You have to write in some detail when you do a book review, but in our eyes there are two main types of books. There are books that you enjoy and there are books that you have to force yourself to read.
We enjoyed What I Love About Cricket and as long as we don’t feel like we’ve wasted time on a book, we’re happy with it. Now for more detail. Some of the following may seem negative, but bear in mind that these criticisms are from a perspective of having liked the book.
The concept behind What I Love About Cricket is a bit flimsy and to be honest, despite the title and the near-constant theme of cricket, it’s not actually a cricket book. It’s about Sandy Balfour and what he thinks of his daughter. If you think of it like that, the book as a whole makes a lot more sense. Essentially, Balfour tries to get his daughter’s boyfriend interested in cricket because he wants his daughter to be interested in cricket.
To be honest his motives get a bit lost and at times you’re reading a passage and you think ‘what’s this book about again?’ but you just have to go with it. It’s an enjoyable read even if it can seem a bit pointless. Pointless sounds harsh, actually. We’re sure the point would be abundantly clear if we had a daughter, but we don’t, so that’s how we felt about it.
There are moments where Balfour describes his daughter and her boyfriend in romantic terms and we found some of those descriptions borderline uncomfortable. A writer can describe his leading man in poetic terms, but when that leading man’s going out with the writer’s daughter, it can seem a bit weird.
The daughter is always referred to as ‘my daughter’ and the boyfriend usually as ‘the boy’ but we still couldn’t help but wonder how they felt about the book; about having their personal lives mulled over and those thoughts put into print. Maybe there’s a large degree of fiction in there, but that could make it worse.
The cricket’s a blend of factual accounts of Test cricket and the cricketing philosophy of a certain sort of follower of the game. The factual stuff adds relatively little if you follow the game, as you’ll know a lot of the events reasonably well. Presumably they’re aimed at those who don’t really know the game, which would also account for the passages about Test Match Special and watching cricket on Teletext. But this is a book with ‘cricket’ in the title and which mentions the game on virtually every page. Surely you should assume the reader has a certain level of knowledge?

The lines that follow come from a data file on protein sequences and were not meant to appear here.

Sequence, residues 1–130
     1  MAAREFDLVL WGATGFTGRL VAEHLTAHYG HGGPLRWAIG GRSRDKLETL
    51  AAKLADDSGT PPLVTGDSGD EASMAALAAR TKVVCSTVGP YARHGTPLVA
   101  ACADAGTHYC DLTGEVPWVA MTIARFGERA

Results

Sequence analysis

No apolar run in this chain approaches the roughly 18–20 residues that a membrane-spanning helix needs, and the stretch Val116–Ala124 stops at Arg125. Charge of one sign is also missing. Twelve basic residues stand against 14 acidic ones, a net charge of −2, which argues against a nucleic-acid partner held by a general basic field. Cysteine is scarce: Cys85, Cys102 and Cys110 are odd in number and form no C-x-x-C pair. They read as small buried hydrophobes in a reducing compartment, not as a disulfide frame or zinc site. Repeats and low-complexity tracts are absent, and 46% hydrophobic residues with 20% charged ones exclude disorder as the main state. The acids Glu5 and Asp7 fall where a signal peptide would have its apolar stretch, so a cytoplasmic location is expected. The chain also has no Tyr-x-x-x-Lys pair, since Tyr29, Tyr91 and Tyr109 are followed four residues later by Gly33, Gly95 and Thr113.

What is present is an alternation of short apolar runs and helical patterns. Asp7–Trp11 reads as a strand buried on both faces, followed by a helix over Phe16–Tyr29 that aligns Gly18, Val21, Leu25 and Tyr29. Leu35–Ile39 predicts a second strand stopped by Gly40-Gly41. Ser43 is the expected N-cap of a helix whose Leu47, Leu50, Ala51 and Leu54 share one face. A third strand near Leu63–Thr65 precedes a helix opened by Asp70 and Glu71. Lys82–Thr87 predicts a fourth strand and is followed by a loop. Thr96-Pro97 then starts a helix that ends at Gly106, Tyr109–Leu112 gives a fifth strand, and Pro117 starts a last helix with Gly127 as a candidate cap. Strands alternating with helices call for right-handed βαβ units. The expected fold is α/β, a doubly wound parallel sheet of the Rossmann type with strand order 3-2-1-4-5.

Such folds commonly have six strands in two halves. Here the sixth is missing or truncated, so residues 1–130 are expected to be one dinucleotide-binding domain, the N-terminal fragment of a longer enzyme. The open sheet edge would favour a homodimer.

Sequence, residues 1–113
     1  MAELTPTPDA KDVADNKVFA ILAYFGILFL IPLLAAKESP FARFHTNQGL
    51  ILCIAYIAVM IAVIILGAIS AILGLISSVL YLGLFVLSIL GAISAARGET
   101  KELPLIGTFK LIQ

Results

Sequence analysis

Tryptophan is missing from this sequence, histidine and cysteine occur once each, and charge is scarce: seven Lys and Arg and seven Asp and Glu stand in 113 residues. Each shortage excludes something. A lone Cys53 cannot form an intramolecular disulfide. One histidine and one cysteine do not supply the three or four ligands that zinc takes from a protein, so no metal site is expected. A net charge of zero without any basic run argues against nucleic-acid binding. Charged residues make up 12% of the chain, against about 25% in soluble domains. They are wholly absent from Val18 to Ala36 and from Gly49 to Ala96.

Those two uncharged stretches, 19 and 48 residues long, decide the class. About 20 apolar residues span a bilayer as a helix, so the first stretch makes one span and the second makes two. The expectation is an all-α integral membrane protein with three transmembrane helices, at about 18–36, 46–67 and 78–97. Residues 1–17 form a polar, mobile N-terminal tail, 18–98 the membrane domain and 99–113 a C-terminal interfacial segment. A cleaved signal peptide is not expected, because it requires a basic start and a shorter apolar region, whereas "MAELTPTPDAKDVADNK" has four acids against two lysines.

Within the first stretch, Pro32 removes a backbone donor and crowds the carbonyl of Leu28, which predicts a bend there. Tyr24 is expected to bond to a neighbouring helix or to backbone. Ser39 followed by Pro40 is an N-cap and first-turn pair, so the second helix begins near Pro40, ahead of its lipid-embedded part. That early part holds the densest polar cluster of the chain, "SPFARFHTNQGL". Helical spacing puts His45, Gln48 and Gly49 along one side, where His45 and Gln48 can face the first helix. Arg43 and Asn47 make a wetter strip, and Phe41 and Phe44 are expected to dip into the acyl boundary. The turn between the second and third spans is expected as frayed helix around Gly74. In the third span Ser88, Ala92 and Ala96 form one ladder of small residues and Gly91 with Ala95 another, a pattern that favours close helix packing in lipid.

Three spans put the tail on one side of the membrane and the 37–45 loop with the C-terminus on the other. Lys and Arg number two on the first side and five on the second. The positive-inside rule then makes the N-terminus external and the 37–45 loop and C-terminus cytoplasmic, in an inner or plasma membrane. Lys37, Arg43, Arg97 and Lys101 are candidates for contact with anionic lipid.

The other cricketing element, Balfour’s philosophy about the game, tends towards the sentimental. There’s a lot about Lord’s in there, which always leaves us cold as we’ve never really bought into the whole ‘home of cricket’ thing. It’s nice, friendly, gentle cricket; a view informed by Test Match Special.
Better are the segments about Balfour’s own club cricket performances. These are funny without being self-indulgent, as is often the case with this sort of thing. You don’t get to know every single person at the club. You don’t get every close match described in detail. Also good are the few descriptions of growing up in South Africa. These too are funny and more intriguing for being unfamiliar.
If we have one final criticism, it’s for the world’s book publishers. Please can we have no more cricket books by middle-aged South-East media types in which they describe the tribulations of their respective club sides and the characters who play for them. After TV producer Harry Thompson’s Penguins Stopped Play; actor Michael Simkins’ Fatty Batter; scriptwriter Marcus Berkmann’s Rain Men; and now TV producer Sandy Balfour’s What I Love About Cricket, we’ve had enough.
Good book though. Buy it from Amazon if you’re so inclined.